If you are searching for meaning in the wake of the tragedy in Beslan, here are 15 books, including five powerful recent accounts, that shed light on the conflict in Chechnya.
By Stephen Dewar
Open Wound: Chechnya 1994 to 2003
by Stanley Greene, Trolley, New York, 2003, $59.95.
Greene is a seasoned photojournalist and these 81 pictures he took during the two Chechen wars are accompanied by his commentary. He is not detached – passionate would be a better description of his approach – and the writing often has as much impact as his images.
A Small Corner of Hell: Dispatches from Chechnya
by Anna Politkovskaya (translated by Alexander Burry and Tatiana Tulchinsky), University of Chicago Press, 2003, $25.00.
Politkovskaya is well known in Russia and abroad for her reporting from Chechnya, mostly for Novaya Gazeta, and is one of the few Russian reporters consistently to challenge official accounts of what has been happening there. She is not popular in the power ministries and she claims she was poisoned when flying to cover the Beslan tragedy.
Chienne de Guerre: A Woman Reporter Behind the Lines of the War in Chechnya
by Anne Nivat with Susan Darnton, Public Affairs, 2001, $25.00.
Nivat, a Frenchwoman working for the French newspaper Liberation, smuggled herself into Chechnya in 1999 at the age of 30. For six months she traveled through the region, disguised as a peasant and helped by a local guide. She spoke with people from every side of the conflict. Her reports published in Liberation sparked anti-war protests in Paris.
Chechnya Diary: A War Correspondent’s Story of Surviving the War in Chechnya
by Thomas Goltz, 2003, Thomas Dunne Books, $27.95.
Goltz, an American journalist, spent six weeks living in a Chechen village in 1995 where, soon after he left, a hundred villagers were massacred, propelling this hitherto unknown hamlet (Samashki) onto the world’s frontpage news. He returned a number of times to continue coverage of the conflict there and to interview some of the individuals, both powerful and impotent, who are respectively the movers-and-shakers and the victims in the war.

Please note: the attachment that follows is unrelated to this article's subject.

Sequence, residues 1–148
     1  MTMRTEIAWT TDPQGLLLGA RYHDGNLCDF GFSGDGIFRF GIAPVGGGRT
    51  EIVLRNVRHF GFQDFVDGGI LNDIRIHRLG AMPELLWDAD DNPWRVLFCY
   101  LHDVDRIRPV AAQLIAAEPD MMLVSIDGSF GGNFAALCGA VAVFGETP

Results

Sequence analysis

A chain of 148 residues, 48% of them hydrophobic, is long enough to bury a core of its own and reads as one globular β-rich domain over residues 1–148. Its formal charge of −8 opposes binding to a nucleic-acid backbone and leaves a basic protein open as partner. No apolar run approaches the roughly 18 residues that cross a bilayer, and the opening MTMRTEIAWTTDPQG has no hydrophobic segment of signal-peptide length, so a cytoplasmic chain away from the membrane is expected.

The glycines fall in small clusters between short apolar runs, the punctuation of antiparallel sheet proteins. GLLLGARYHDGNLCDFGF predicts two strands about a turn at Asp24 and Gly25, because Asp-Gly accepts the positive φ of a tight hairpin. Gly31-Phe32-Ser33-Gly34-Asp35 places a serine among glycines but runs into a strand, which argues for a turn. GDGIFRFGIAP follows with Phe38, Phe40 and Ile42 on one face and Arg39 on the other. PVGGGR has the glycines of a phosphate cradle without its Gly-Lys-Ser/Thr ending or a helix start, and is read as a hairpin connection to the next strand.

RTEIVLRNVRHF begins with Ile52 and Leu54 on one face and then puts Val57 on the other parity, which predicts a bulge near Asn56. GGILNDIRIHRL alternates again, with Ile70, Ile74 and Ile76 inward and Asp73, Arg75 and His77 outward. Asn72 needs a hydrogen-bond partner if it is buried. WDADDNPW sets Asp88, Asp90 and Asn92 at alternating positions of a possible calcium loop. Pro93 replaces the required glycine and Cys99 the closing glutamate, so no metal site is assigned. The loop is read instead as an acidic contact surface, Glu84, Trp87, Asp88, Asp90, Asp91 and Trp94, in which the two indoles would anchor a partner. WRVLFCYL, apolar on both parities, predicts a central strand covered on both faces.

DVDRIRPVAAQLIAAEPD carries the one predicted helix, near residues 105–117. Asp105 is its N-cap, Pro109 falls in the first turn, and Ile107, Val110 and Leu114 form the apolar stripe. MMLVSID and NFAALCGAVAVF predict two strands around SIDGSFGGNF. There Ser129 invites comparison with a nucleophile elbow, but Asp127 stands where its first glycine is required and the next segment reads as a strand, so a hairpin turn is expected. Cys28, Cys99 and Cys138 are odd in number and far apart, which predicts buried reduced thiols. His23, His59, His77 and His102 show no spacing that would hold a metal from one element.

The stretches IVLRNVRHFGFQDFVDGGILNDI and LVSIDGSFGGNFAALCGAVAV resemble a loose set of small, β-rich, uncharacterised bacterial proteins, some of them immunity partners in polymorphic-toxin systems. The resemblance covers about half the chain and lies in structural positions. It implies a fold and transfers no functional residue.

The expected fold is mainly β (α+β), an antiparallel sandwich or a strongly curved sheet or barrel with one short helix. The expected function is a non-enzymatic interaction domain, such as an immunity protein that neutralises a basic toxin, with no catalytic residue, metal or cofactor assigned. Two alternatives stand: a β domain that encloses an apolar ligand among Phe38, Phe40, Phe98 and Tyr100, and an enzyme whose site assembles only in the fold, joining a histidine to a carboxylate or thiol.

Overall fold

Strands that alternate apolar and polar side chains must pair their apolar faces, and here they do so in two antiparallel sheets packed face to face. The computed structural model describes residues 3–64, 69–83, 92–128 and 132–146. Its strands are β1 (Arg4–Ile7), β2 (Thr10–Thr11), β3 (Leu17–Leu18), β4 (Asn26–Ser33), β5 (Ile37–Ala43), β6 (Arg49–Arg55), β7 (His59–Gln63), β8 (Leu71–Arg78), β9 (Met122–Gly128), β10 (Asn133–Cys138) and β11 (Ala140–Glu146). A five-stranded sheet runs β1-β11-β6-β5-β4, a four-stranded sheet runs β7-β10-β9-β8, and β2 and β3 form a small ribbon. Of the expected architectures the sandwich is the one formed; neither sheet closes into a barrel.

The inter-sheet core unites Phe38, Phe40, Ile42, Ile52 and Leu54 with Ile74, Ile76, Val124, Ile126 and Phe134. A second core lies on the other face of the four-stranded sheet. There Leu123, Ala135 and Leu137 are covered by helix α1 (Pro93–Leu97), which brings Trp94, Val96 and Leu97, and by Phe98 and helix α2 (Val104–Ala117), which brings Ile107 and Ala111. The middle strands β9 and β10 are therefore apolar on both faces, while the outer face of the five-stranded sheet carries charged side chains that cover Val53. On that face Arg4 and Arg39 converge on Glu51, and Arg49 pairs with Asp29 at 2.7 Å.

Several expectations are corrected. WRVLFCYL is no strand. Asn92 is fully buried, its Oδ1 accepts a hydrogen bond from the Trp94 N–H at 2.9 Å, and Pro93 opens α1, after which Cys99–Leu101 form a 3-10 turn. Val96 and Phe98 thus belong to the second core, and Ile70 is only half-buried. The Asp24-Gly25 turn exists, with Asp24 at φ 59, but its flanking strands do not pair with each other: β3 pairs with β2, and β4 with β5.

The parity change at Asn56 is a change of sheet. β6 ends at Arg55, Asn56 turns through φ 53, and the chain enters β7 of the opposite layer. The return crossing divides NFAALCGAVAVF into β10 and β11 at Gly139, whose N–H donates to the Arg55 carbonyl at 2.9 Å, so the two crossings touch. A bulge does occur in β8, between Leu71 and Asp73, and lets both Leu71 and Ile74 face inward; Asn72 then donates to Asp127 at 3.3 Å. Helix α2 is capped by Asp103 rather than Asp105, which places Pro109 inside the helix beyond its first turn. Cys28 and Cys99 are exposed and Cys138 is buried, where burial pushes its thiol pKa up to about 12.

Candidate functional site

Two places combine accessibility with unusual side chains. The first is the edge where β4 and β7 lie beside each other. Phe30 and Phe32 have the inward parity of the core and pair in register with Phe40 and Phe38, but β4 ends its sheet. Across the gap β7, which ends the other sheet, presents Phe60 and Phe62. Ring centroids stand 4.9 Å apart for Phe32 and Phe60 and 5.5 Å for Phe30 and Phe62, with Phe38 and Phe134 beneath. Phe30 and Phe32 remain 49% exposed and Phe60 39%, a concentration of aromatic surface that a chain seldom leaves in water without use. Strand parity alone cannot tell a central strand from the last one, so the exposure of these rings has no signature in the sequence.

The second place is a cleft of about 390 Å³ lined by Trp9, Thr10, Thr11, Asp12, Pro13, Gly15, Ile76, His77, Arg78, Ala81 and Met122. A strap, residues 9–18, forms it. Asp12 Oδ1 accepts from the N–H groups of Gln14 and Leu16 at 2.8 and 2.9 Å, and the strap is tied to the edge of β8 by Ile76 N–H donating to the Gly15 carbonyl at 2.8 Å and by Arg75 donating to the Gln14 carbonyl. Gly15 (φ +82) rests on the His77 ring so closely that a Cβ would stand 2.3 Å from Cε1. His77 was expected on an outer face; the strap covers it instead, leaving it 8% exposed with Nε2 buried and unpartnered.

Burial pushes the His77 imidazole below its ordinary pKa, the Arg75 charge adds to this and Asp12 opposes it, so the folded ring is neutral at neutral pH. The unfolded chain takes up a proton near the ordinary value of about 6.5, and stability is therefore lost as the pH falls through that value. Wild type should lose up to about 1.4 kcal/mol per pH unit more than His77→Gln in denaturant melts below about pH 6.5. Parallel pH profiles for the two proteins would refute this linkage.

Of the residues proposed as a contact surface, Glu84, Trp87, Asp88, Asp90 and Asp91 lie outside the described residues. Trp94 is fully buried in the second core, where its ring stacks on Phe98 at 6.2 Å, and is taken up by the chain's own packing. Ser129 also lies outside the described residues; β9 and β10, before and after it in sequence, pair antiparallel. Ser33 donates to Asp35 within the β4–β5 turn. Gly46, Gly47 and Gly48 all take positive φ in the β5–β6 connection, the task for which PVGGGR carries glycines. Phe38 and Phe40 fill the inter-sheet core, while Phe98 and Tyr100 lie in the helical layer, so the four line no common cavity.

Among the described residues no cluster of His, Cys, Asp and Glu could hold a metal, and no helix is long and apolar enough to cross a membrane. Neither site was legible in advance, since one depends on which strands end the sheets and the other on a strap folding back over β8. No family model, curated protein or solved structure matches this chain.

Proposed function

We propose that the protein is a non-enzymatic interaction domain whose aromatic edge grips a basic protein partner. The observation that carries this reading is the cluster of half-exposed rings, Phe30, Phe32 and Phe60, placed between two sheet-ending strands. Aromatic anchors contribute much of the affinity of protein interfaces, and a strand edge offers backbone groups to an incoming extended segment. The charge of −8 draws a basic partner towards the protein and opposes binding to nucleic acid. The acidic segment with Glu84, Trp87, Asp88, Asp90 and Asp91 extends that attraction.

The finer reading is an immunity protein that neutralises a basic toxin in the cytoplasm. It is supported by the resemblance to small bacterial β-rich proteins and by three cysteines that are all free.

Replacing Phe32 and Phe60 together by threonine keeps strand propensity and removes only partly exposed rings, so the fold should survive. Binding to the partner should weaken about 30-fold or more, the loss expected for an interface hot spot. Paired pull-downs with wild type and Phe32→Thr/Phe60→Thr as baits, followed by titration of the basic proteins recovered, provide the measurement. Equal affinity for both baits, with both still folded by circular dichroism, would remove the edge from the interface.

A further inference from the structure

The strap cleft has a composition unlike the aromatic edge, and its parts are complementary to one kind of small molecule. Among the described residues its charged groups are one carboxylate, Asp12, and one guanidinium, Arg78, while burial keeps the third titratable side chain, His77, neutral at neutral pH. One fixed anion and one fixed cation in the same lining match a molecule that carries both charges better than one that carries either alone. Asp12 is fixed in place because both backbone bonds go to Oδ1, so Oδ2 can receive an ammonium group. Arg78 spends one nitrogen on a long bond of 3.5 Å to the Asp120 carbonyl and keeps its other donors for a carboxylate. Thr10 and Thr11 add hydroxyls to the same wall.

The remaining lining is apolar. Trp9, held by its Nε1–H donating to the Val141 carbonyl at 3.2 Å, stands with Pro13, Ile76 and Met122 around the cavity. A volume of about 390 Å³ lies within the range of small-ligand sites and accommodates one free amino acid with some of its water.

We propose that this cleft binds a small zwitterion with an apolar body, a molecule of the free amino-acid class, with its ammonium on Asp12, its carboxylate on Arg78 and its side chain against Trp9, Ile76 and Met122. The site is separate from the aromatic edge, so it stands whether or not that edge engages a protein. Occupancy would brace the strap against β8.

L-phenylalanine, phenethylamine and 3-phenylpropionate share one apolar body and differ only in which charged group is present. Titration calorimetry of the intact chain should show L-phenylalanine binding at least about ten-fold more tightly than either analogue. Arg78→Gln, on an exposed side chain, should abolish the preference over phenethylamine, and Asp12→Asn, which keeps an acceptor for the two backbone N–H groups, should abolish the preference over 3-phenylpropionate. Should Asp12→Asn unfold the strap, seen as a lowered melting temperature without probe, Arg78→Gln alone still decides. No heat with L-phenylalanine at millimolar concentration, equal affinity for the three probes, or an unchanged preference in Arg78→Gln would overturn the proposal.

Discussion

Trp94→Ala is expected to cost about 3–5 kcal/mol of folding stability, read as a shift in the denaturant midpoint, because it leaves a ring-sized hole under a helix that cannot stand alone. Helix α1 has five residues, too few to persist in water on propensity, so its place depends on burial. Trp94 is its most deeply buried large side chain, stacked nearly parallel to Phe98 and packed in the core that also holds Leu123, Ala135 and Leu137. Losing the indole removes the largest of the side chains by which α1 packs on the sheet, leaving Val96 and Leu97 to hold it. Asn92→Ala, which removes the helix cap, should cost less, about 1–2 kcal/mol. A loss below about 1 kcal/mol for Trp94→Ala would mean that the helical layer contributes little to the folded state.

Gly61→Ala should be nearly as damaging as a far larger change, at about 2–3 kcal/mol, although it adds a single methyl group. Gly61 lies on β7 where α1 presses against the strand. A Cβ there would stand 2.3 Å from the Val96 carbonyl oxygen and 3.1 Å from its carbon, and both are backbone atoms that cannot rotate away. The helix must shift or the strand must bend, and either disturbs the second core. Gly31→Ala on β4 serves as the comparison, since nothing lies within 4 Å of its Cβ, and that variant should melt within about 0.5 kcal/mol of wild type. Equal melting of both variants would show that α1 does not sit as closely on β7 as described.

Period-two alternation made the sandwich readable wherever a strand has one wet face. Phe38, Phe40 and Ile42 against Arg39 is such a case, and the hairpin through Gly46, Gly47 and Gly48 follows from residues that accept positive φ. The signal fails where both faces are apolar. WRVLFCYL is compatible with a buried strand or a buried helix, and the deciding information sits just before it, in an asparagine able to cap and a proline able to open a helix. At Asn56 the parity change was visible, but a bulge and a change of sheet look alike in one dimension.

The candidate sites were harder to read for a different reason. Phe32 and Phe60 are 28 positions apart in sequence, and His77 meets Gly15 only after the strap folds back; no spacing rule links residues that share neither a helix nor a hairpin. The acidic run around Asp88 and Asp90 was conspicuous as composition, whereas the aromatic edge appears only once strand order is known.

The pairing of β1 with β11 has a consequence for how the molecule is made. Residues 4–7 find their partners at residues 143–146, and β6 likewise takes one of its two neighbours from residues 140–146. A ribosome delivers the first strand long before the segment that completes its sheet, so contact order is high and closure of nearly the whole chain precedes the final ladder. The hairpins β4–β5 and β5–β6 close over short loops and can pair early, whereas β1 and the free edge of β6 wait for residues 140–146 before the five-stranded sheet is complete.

The Oath: A Surgeon Under Fire
by Khassan Baiev. With Ruth and Nicholas Daniloff, Walker & Co., 2003, $26.00.
Baiev is a Chechen and the only one to have written an account of the current situation that is available in English. A surgeon by profession, he returned to Chechnya from Russia when the first Chechen war started. As a doctor, he treated all the casualties who came before him, Chechens and Russians, civilians and combatants. His descriptions of what he saw and did under appalling conditions are painfully vivid.
The Chechen Wars: Will Russia Go the Way of the Soviet Union? by Matthew Evangelista, Brookings Institution Press, 2003, $19.95.
Allah’s Mountains: The Battle for Chechnya by Sebastian Smith, I.B. Tauris, 2001, $45.00.
Chechnya: Calamity in the Caucasus by Carlotta Gall and Thomas De Waal, New York University Press, 2000, $21.00.
Chechnya: Tombstone of Russian Power, by Anatol Lieven, Yale University Press, 1999, $35.
The Kreutzer Sonata and Other Stories, by Lev Tolstoy (trans. L. & A. Maude and J.D. Duff), New York, Oxford University Press, 1997, $8.95.
A Hero of Our Time, by Mikhail Lermontov (trans. Vl. And D. Nabokov), Ann Arbor, Ardis, $13.
The North Caucasus Barrier: The Russian Advance Towards the Muslim World, edited by Marie Bennigsen Broxup, New York, St. Martin’s Press, 1992.
Transcaucasian Boundaries, edited by Wright, Goldenberg, & Schofield, New York: St. Martin’s Press, 1995.
Russia’s Steppe Frontier: The Making of a Colonial Empire, 1500-1800, by Michael Khodarkovsky, Indiana University Press, 2002.